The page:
How to Identify High-Quality Hits Early On: Your Guide to Ensuring Reproducible In Vitro Oncology Studies

Posted by: Elie J. Diner, Ph.D. -

In the past several decades, oncology drug development has had some major successes, from the approval of game-changing therapeutics such as rituximab and trastuzumab in the late-90s to the first tumor-agnostic approval for pembrolizumab in 2017.1 Now, with new, unexplored targets and novel biotherapeutic strategies (i.e., CAR-T) coming of age, the successes promise to continue coming. 

 

The Reproducibility and Translatability Gap 

Despite medical advances, oncology drug development faces an abysmal clinical success rate: Nearly 97% of anticancer drugs that enter clinical development fail to make it to patients,2 and the likelihood of approval for oncology drugs is lower than the industry average and for non-oncology indications.3 

  

 

The problem is two-fold: reproducibility – the ability to repeat key preclinical results – and translatability – the ability to recapitulate clinical results with preclinical in vitro studies.4,5 Broadly, the common denominator is the quality of preclinical data, which is plagued by a lack of transparency and standardization.6,7 For drug developers, assays and the data they produce may satisfy regulatory requirements, but they do not translate to the clinic.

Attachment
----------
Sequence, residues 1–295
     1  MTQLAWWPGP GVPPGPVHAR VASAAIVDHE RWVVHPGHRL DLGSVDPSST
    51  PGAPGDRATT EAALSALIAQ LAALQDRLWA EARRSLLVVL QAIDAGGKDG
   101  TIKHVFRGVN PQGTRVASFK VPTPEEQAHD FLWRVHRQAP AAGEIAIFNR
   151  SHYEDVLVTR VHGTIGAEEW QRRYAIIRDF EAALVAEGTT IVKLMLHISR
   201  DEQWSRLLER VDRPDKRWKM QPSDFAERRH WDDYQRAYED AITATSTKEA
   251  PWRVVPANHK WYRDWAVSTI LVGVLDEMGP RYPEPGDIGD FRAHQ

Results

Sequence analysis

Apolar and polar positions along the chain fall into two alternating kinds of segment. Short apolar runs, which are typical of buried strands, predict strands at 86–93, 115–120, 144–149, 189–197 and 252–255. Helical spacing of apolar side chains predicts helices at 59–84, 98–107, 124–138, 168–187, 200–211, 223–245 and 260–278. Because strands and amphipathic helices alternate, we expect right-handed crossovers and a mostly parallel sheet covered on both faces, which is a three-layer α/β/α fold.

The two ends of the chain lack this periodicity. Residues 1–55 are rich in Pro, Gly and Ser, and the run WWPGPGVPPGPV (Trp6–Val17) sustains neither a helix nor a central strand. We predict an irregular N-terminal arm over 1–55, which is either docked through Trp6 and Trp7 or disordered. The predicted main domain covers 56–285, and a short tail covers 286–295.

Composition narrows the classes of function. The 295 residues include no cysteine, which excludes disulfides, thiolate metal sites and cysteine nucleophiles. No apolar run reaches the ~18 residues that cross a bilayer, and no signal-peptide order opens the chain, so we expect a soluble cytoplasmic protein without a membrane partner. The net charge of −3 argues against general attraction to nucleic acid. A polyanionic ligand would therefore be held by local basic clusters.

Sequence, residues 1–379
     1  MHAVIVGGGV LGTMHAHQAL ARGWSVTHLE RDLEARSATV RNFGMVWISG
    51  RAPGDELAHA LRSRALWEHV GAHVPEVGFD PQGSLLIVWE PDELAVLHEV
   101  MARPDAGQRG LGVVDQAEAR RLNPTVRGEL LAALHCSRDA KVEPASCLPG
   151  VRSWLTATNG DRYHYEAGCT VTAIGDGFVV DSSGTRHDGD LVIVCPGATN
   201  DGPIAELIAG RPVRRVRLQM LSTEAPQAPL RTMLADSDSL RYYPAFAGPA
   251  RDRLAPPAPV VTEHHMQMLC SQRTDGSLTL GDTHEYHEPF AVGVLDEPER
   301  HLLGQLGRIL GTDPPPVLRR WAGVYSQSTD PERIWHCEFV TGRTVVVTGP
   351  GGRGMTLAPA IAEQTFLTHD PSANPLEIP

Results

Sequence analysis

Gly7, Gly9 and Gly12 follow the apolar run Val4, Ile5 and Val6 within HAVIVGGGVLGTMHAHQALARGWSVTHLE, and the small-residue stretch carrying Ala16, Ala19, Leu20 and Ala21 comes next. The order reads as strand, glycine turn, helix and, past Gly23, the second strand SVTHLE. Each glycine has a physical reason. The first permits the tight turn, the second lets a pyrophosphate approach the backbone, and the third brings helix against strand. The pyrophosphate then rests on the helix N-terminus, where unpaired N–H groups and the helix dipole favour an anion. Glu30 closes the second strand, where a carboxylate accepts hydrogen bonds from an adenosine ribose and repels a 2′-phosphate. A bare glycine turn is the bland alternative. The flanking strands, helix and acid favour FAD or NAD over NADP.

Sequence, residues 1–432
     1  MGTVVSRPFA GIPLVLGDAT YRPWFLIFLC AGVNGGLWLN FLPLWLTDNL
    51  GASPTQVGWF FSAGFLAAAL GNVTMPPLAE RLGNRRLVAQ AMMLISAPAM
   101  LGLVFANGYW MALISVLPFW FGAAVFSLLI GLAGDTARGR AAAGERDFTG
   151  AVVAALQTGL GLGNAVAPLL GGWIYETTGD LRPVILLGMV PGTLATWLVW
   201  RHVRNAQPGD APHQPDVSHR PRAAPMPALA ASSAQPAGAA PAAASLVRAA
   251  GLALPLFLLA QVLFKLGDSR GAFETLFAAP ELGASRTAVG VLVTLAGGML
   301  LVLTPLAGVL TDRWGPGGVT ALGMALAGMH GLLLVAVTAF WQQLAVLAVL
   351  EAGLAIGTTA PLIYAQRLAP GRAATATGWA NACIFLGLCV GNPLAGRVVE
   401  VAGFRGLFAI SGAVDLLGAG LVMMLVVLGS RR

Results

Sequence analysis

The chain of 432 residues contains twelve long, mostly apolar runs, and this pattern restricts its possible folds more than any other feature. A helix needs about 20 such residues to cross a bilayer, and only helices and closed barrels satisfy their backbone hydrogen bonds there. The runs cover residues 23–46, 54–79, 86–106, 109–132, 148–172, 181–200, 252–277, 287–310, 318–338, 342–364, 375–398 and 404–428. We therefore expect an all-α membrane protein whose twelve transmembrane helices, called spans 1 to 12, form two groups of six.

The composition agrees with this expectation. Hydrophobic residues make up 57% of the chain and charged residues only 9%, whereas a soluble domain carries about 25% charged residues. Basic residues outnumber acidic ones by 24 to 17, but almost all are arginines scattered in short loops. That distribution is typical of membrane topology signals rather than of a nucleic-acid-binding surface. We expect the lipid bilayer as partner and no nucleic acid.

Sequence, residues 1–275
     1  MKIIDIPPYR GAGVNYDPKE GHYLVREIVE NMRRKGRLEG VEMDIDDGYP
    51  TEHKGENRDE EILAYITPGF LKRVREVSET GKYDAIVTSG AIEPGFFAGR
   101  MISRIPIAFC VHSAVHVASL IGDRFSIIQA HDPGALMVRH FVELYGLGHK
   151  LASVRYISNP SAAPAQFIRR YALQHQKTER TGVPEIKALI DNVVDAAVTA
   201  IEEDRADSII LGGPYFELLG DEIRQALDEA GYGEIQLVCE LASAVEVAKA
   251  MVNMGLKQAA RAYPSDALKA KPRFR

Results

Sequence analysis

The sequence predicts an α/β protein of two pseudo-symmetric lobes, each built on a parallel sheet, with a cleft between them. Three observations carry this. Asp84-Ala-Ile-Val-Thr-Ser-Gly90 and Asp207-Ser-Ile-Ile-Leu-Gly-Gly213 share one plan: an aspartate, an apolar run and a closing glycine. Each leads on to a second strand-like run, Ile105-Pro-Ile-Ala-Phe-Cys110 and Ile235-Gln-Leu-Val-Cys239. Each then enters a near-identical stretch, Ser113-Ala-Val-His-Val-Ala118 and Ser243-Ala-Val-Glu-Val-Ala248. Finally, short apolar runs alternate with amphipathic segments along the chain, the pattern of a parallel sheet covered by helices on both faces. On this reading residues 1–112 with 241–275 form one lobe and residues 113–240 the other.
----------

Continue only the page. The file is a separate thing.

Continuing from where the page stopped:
Translation Through Precision: certis In Vitro Data  

Certis provides a full suite of custom in vitro pharmacology services for oncology drug developers who need help identifying high-quality hits. Certis emphasizes executing assays with precision, delivering reproducible results that translate to the clinic.  

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A Tailored Approach 

When it comes to preclinical assays, there’s no one-size-fits-all screening strategy. Certis offers a robust portfolio of in vitro assays tailored to your unique needs and your pipeline. The Certis scientific team of PhD-level in vitro experts will serve as your trusted preclinical partner to help develop and validate the assays you need to answer your complex question. The assays Certis performs and the compounds tested are done using rigorous scientific standards, in a highly collaborative and transparent manner.